Perhaps Eliot Spitzer’s recent public-relations tour has led you to think that the hooker incident has imbued the governor with some humility. “At last,” you murmured to yourself, watching him discuss confronting his “gremlins” with Matt Lauer on Today. Perhaps, while reading his well-considered opinions on Slate, you’ve thought: “What an intelligent, reasonable man this is; it’s a pity he’s no longer applying it to public service.” THINK AGAIN. A gremlin still lurks inside Eliot Spitzer, as inspector general Joseph Fisch saw when he stopped by Spitzer’s office to question him for his investigation into the State Ethics Commission and its alleged leaks of information to the Spitzer administration late last year.
Mr. Fisch started by asking where all the reporters were. “The security people downstairs told me they haven’t seen anybody in a couple of weeks,” he told Mr. Spitzer.
Mr. Spitzer did not take kindly to the remark.
“In fact,” Mr. Spitzer replied, “last Friday, there were photographers outside my residence; they followed me and my wife and my children; they are constantly inquiring of where I am and my whereabouts; and it is a presumption of people who are interested in my security that there is surveillance,” he said, “as there has been by individuals, paid for by individuals, corporations, law enforcement and others who have acted properly and improperly in an effort to intercept conversations of mine and other communications.”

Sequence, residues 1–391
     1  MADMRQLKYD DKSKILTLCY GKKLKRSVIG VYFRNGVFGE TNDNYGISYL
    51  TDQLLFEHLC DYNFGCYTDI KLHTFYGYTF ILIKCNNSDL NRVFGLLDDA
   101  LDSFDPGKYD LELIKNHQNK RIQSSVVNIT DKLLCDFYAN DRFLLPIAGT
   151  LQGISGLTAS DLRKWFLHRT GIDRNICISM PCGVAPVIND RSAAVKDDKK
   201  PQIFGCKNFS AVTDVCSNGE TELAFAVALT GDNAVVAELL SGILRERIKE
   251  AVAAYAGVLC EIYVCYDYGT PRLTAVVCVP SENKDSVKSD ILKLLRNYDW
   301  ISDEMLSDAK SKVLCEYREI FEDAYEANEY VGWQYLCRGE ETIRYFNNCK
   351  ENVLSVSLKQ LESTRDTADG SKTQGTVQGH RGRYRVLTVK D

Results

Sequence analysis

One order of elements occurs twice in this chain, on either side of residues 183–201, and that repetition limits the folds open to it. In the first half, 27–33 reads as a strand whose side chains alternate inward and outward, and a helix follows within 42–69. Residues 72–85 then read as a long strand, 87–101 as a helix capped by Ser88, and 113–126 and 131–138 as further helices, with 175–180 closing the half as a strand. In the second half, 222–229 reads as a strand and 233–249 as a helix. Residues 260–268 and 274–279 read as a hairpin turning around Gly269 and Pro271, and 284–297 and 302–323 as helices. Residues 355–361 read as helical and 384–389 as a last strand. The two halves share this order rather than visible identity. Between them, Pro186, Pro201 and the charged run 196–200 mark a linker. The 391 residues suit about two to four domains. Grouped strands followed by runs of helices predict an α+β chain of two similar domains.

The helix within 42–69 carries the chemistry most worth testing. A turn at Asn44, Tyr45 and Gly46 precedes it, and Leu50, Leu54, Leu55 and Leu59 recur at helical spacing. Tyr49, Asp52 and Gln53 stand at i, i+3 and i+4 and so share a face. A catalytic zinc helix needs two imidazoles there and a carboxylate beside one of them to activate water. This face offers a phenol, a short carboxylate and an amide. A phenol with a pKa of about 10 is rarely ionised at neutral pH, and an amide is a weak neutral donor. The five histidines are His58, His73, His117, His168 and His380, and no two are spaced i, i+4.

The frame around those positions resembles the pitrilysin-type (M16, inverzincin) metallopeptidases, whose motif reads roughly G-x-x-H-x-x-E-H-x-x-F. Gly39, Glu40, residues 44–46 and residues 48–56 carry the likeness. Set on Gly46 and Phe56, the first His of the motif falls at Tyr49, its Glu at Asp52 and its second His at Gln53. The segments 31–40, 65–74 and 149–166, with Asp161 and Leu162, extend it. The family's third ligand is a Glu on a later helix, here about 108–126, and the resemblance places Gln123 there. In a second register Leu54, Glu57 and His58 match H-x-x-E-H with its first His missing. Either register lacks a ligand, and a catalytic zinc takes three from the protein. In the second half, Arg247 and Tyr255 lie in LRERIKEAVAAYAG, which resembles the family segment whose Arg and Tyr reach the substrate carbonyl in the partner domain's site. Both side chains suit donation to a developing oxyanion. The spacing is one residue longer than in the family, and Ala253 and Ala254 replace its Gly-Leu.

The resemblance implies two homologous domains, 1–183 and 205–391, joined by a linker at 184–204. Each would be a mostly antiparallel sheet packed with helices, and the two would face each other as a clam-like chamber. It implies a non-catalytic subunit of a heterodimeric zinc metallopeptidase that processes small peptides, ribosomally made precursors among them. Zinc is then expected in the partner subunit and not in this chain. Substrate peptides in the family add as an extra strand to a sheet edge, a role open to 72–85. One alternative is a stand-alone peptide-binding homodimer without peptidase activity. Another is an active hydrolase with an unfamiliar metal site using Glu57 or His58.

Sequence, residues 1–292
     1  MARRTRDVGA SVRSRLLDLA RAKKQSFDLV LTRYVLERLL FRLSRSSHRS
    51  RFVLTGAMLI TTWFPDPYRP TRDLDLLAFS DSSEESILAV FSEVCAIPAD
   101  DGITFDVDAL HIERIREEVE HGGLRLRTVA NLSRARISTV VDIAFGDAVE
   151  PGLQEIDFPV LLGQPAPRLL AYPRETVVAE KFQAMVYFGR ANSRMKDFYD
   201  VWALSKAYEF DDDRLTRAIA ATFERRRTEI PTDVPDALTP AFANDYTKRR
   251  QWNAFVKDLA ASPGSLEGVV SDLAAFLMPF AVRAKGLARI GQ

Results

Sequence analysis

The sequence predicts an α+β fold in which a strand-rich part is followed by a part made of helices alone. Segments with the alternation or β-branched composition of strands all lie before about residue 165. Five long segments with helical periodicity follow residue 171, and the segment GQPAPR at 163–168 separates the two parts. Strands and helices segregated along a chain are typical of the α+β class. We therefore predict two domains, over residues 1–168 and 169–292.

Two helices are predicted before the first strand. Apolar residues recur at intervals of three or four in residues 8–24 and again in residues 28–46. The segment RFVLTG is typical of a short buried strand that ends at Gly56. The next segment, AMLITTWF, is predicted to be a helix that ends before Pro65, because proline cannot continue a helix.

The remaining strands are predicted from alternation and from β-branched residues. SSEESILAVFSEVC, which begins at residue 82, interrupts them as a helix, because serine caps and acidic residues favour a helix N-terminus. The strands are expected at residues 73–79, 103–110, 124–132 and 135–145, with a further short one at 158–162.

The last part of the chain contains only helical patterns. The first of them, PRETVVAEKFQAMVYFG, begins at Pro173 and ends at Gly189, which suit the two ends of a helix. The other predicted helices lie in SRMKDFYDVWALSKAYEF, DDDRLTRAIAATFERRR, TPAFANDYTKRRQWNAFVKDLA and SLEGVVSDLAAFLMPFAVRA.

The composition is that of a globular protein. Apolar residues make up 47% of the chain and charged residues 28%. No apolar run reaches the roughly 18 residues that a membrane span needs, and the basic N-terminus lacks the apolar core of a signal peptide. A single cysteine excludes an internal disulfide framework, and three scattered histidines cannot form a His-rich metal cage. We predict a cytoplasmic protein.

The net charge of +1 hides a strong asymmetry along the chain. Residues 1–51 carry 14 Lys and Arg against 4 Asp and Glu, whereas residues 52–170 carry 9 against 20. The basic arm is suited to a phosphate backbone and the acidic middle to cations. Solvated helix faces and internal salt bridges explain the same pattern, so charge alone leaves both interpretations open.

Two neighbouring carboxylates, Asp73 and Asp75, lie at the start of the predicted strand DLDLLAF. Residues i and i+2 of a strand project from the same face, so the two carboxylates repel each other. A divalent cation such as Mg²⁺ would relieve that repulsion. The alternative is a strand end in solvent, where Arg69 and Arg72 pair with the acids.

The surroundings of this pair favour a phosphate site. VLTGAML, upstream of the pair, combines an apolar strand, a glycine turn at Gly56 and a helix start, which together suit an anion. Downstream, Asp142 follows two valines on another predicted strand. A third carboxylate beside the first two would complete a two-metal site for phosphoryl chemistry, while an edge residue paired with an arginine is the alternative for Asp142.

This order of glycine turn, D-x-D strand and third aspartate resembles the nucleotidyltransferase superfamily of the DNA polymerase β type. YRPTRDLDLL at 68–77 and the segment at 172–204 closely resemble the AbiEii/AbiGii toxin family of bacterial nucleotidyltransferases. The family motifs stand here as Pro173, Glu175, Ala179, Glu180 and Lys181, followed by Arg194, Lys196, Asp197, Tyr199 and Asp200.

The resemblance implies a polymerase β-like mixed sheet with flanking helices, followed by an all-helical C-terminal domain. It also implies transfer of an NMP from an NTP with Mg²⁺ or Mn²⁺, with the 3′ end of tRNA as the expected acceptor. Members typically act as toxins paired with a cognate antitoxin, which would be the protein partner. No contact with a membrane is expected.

Mr. Fisch responded, “all right,” but before he could turn to the next topic, Mr. Spitzer said, “I will add one other point,” and erupted over the Paterson administration’s release of some of Mr. Spitzer’s e-mail messages in response to a Freedom of Information Law request two weeks earlier. The former governor believed that the Paterson administration, which he referred to as “individuals within the chamber,” violated his privacy by doing so….
Mr. Spitzer then alternated between asking Mr. Fisch to ask him a question and cutting him off before he could, according to the transcript.
“My time is precious, Judge. What is your question?” he said, but then cut him off again, and criticized P. David Soares, the Albany district attorney, for “generalized incompetence” and for comments that Mr. Soares made in a report into his administration’s dissemination of travel records of the former Senate majority leader, Joseph Bruno.
Then he told Mr. Fisch: “I would like to see your questions so that my time is not taken up unduly, and I do not like questions about whether or not I’m surveilled.”
But Mr. Fisch could only get out a “Mr.” before Mr. Spitzer continued.
“If, you might have noticed the cover of the Sunday New York Daily News this past week,” he said. “Did you notice it?”
We wish Fisch had had the cojones to suggest that if Spitzer didn’t want his time taken up with questions about the media, he maybe shouldn’t have slept with a hooker. But actually, we’re kind of glad he didn’t, because then Spitzer might have actually vaporized him.